Learning the Lessons from Past Mainframe Integration Projects - GT Software

The API model has definitely become a major consideration for a growing number of companies across the world. As discussed previously, the API approach has particular attractions for mainframe users. However, past attempts at mainframe integration have typically run into a range of problems, and today there is a much greater understanding of the mainframe-specific issues to take into account before embarking on a business services based mainframe integration strategy such as API enablement.

A number of the lessons learned reflect directly back to the technology-based considerations just discussed. But one issue in particular stands out – that of mainframe business service composition. The idea of a business service is the cornerstone of numerous mainframe integration initiatives and was mentioned in the introduction to this paper, but as a reminder it refers to the need to provide discrete business functions that can then be accessed externally, for example through APIs. If a phone App needs to be able to get an accurate product price, for instance, then it has to have some mechanism to drive whatever applications and data components make up the ‘get a price’ process on the mainframe.

A common difficulty stems from a collision between the purist world of the systems architect, and the pragmatic needs of operational service quality. Companies looking to open up the mainframe and leverage it across other environments often see a pure, clean architecture where every business activity is packaged as a business service and all these services exposed through APIs. This is a great ideal, but can be disastrous if implemented without due consideration. The main issue is that, given the number of mainframe transactions in existence, there is a danger this approach will result in a huge number of low-level services being created, for example ‘get customer details’ or ‘check service history’. This may seem very logical, but in reality the danger is this exports design issues to the API developers. An App developer working on a new phone-based digital marketplace wants to be able to drive a ‘product quote’ process; the App developer now has to work out which low-level services are needed and in what process flow to deliver the final price.

 

Figure A: Excessive granularity requires procedural knowledge for the API developers

 

Contrast this approach with a more considered one, where a higher level ‘Find Customer Details’ API is implemented. The consumption of the API has been de-skilled, removing any need for the API solution developer to have any knowledge of internal processes and implementation details.

Figure B: Getting the granularity right insulates the API developers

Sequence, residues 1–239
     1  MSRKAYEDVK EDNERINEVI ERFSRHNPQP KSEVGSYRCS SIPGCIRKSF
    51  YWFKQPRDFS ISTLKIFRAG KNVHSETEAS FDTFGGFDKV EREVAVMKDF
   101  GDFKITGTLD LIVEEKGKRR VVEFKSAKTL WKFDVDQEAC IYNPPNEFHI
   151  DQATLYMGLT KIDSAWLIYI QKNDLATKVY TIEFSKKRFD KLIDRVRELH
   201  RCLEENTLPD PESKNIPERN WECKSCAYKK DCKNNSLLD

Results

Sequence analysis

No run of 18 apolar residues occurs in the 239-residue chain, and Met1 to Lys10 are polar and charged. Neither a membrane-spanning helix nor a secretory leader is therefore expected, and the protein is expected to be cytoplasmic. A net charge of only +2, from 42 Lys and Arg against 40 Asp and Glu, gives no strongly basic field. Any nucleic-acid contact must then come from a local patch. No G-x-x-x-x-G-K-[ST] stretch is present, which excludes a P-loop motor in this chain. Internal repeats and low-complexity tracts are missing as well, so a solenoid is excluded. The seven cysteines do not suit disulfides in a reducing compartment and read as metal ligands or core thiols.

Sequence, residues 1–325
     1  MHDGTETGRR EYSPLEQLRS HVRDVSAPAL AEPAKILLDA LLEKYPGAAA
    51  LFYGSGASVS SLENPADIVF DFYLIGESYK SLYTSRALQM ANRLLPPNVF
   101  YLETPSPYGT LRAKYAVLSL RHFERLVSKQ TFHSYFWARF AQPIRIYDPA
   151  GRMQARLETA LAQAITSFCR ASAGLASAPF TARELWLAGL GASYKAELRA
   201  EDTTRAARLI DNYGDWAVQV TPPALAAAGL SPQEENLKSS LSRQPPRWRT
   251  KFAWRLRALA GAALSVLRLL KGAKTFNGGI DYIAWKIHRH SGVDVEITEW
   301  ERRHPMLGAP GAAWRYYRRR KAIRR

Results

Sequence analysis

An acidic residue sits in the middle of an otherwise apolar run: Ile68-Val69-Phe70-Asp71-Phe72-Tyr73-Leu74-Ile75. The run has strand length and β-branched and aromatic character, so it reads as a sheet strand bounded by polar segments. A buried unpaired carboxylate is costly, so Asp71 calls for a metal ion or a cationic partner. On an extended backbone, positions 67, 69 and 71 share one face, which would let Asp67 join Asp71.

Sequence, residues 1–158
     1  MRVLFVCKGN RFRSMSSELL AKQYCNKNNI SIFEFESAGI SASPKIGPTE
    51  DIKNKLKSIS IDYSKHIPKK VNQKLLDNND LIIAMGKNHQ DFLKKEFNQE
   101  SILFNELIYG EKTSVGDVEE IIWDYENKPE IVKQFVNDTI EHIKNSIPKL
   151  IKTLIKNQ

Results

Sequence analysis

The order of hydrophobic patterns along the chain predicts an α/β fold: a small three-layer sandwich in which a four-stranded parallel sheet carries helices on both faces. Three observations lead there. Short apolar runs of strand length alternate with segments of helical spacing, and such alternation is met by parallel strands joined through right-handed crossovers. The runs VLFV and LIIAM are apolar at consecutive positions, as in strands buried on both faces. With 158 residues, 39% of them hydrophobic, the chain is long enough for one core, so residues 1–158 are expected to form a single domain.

Note however that the ‘many small services’ approach can work if the right API middleware layer is present. If a company chooses to implement a design where every discrete business operation has a corresponding service, the API middleware can perform the necessary orchestration of all the lower level services offered by the systems of record to present the API developer with a simple high-level API.

It turns out that the API middleware is the key to the whole issue, because provided the middleware enables services to be composed into APIs that satisfy the API developer skills and needs, it doesn’t really matter whether the packaging of those services (access, orchestration, data formatting etc) is carried out by the middleware alone or combined with other business service initiatives within the mainframe platform such as BPEL or BPM.

In short, defining the optimal level of granularity:

  • Decouples the API developers from the implementation details of the operation
  • Ensures that mainframe APIs meet the business need more closely
  • Keeps the number of APIs and related definitions under control
  • Reduces the development effort required
  • Optimizes performance and network load by limiting the trips to and from the mainframe

In fact, mainframe integration user experiences generally show that a good guideline is to avoid imposing too much of the API model on the mainframe environment. As commented in previous blogs, mainframes are different to other platforms; data is often in proprietary formats, XML is almost never used, the skills set is highly specialized and expectations of performance, scalability and reliability are much higher. Therefore, the key to API enablement success in mainframe environments is to implement only those APIs that are required to achieve company goals. The API middleware should handle as much of the packaging and managing of the various systems of record components as possible, to keep the APIs presented as simple and easy to use as possible.

-Steve Craggs, Lustratus Research

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